With the Oculus Rift’s seemingly high $599 price tag coming as quite a surprise to the VR community, one might be tempted to think that it would put a major dent in pre-orders. Indications from Oculus suggest it may only be a vocal minority who have been turned off by the cost.
At a Dell hosted event at CES 2016, Oculus founder Palmer Luckey and Dell’s Frank Azor took to a small stage to talk about the future of VR and how it would impact the computing industry. In addition to Azor talking up Dell’s commitment to VR going forward, Luckey seemed quite enthusiastic about pre-orders for the Rift.
“Pre-orders are going much better than I ever could have possibly expected,” said Luckey. “There are a lot of people who are getting into virtual reality that I think are not even necessarily the gamers who have been waiting; they’re just hearing about it now or hearing about it recently and they’re convinced enough to pre-order. Hopefully they’re convinced enough to actually use it.”
Luckey also told Polygon, “I can’t talk about numbers, but we sold through in 10 minutes what I thought we were going to sell through in a few hours.” An Oculus representative told me separately that people at the company were “all smiles” regarding the performance of pre-orders.
After a long journey from a 2012 Kickstarter, Oculus finally put the hotly anticipated Rift up for pre-order this week on January 6th. Based on a predominantly negative reaction and lots of discussion from the VR community, the $599 price tag landed higher than Oculus had set the expectation, but this may not have put much of a dent in the headset’s sales after all.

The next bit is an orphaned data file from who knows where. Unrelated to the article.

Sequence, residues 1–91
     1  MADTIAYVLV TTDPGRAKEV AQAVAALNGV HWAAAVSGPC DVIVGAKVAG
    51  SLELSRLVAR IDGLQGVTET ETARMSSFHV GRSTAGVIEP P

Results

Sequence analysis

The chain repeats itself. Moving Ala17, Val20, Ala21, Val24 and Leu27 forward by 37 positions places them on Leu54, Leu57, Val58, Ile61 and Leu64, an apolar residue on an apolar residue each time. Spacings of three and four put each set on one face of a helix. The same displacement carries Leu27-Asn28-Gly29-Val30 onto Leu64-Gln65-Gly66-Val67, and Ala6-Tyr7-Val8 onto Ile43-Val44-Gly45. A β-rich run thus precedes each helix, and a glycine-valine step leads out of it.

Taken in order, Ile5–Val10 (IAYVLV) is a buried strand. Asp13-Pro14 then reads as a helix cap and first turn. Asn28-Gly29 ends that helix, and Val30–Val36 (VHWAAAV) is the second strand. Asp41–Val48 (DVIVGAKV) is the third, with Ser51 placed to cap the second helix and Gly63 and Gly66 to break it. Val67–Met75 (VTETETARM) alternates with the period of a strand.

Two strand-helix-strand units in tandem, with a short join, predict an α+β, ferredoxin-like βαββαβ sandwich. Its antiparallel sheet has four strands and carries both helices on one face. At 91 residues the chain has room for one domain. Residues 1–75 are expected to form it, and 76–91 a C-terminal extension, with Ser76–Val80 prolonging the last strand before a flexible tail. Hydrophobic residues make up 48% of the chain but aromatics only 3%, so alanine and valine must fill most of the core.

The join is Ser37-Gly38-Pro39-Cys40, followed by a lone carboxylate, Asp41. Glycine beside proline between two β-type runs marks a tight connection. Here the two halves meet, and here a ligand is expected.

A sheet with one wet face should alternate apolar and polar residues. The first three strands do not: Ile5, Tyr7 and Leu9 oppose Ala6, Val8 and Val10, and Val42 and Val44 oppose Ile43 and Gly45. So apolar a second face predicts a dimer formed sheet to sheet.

Late last year, Mark Zuckerberg, CEO of Oculus parent company Facebook, set initial VR headset expectations relatively low during an earnings call.
“So we’ve said often that we think that virtual reality and augmented reality could be the next big computing platform. But just to put that in perspective and compare it to the development of previous computing platforms, like phones and computers, I think the first smartphones came out in 2003,” Zuckerberg said in response to a question posed by a representative from USB. “And in the first year, I think BlackBerry and Palm Treo were the initial smartphones that came out. I think they each sold in the hundreds of thousands of units. So just to kind of give a sense of the time frame that we’re thinking about this and how we expect this to develop, that’s how we’re thinking about that.”
We don’t expect Oculus to share any specific pre-order figures unless they’re truly exceptional, as that info will be of competitive nature until the company’s two major competitors (HTC Vive and PlayStation VR) give their own prices and take pre-orders.